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I Lost My Teaching Job Under Doug Ford. My Students Will Lose Something More

Cuts across the province will result in lost sections and fewer courses.

As told to Nicholas Mizera, Opinion/Blogs Editor, HuffPost Canada

I was away on a field trip to the Mohawk Institute Residential School the day I was told that I wouldn't have a permanent spot teaching in the Peel District School Board due to cuts under Ontario's Progressive Conservative government. I remember the principal calling me into his office. He was nice about it. I received a form letter telling me what the next steps would be.

Caiaimage/Sam Edwards via Getty Images

I met with some fellow teachers and department heads, whose responses were very kind. But what really mattered to me were the responses I received from students who'd heard the news — my own, those I've coached, and even ones I never taught. Like the 368 other educators in my school board whose jobs were also sacrificed on the proverbial altar, I wonder what's going to happen to my students when I'm not around next year.

When I think back to Doug Ford's promise that "no" frontline workers will lose their job, it's clear that isn't the case. These cuts don't seem to have taken into account the lives they will impact — not just the teachers', but their students' as well. Cuts across the province will result in lost sections and fewer courses, including many of the Indigenous studies courses I've dedicated my teaching career to. In the end, students will lose out greatly with every teacher and class lost.

Every teacher brings a unique perspective

Before I was an educator, I was a commodities broker. I worked in a big office and made good money. In 2008 when the housing crisis hit, however, our company closed. I considered a few career paths, but decided I'd become a teacher in part because of my background.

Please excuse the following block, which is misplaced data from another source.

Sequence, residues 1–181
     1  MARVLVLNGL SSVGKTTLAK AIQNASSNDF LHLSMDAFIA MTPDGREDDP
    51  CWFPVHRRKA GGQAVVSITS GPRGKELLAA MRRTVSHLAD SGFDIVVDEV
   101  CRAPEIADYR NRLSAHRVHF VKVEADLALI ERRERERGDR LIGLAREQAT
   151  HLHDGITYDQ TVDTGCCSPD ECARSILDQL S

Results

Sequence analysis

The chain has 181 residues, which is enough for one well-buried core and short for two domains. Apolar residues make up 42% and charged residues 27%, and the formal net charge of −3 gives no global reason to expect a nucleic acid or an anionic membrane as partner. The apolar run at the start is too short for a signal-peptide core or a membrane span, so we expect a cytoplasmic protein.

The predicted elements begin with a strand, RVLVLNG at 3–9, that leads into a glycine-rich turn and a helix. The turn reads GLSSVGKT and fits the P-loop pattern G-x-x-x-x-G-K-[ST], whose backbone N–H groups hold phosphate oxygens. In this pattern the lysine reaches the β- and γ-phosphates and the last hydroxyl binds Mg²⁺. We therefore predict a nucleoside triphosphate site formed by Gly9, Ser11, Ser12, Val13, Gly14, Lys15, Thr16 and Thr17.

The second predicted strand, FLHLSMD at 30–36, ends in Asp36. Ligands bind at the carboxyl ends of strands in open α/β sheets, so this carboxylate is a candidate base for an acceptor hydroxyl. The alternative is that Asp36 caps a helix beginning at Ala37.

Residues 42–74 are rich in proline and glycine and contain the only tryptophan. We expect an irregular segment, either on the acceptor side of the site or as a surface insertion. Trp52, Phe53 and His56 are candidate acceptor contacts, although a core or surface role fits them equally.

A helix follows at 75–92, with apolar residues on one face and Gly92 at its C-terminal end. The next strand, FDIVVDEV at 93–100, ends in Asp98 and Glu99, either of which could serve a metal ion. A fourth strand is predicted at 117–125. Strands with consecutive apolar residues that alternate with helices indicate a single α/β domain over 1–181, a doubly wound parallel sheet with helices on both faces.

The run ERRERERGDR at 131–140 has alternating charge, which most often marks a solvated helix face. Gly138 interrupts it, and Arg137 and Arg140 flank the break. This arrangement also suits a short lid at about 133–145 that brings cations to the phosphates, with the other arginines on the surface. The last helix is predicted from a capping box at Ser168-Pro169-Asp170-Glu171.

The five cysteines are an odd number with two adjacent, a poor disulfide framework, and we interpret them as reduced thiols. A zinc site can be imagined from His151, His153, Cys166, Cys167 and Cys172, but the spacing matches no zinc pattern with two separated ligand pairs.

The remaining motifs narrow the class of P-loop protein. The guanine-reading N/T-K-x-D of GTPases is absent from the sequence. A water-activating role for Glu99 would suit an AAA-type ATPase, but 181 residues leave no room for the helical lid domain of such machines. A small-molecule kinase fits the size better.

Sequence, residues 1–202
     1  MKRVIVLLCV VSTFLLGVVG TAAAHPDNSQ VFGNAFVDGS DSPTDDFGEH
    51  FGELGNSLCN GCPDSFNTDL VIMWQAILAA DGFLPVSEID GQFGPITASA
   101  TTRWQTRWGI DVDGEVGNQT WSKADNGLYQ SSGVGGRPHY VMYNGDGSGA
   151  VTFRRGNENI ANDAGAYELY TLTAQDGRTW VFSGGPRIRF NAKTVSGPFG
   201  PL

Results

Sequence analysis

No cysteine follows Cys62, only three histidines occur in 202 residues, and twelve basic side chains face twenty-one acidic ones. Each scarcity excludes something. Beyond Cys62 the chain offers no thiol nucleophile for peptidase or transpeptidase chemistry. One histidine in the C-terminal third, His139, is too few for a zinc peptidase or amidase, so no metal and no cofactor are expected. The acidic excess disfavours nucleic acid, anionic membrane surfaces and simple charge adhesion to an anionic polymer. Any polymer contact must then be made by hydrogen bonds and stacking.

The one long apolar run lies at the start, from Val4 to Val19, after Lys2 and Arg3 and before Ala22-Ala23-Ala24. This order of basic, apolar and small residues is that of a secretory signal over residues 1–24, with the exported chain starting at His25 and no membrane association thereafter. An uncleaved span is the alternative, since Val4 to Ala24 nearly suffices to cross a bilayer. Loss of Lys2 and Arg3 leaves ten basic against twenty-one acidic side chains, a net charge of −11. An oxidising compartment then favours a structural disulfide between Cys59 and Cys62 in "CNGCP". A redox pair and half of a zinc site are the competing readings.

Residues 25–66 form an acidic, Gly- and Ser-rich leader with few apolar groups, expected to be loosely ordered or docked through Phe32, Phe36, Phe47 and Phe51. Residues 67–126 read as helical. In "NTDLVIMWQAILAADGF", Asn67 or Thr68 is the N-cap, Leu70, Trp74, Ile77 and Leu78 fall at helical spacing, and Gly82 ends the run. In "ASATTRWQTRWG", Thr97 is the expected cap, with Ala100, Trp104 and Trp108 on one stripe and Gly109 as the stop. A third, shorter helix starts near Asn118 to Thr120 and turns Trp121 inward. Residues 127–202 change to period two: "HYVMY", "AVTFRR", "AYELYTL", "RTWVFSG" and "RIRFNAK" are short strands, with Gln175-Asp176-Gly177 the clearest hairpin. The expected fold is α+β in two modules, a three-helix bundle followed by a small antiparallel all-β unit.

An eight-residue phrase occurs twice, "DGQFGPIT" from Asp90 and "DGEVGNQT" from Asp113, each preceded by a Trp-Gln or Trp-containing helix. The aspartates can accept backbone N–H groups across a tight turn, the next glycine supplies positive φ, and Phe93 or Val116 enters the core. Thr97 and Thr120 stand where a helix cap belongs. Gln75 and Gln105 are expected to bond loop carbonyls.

Like many Indigenous kids during the 1960s, '70s and '80s, I was adopted into a family that knew nothing of the culture I came from. I was extremely lucky to have been adopted by a great family, but still went through a number of identity crises and struggled a long time trying to reconnect with a cultural group.

It wasn't until my 30s that I found out I was Métis. I put a lot of time and effort into learning about who I was and getting in touch with my culture, and tried to pass what I could onto my daughters. I noticed that the elementary and high schools my kids attended did not have Indigenous teachers. That meant my kids couldn't really see themselves in the people who were teaching them, nor could they see it in the curriculum, in the way it was taught. I wanted to change that, for them and others.

I felt like part of the community at Wunnumin Lake First Nation.
David Babcock
I felt like part of the community at Wunnumin Lake First Nation.

I didn't attend my graduation when I finished my teaching degree. Instead, two days after courses ended I was on a plane flying some 600 kilometres north of Thunder Bay, Ont. to my first job at a reserve called Wunnumin Lake First Nation.

I left my family to teach students ranging in age, from 14 to 22. The school went from kindergarten to Grade 10, and if students wanted to complete their studies they would need to travel to Thunder Bay or Sioux Lookout. This gave me an understanding of the inequities in education, especially when it came to First Nations students, and so this became another impetus to educate students about Indigenous culture, history and people.

It felt like home, and I loved every second of it. I built amazing relationships with those students over the six months I was there, and I felt like part of the community. They were great kids, and many were successful. If you've never been to a reserve or lived on one, there is a sense of community that one doesn't see in big cities or towns. People are giving, friendly and are willing to take you in. This was constantly shown but no more so than when one student came around my home to drop off moose from his father's recent harvest.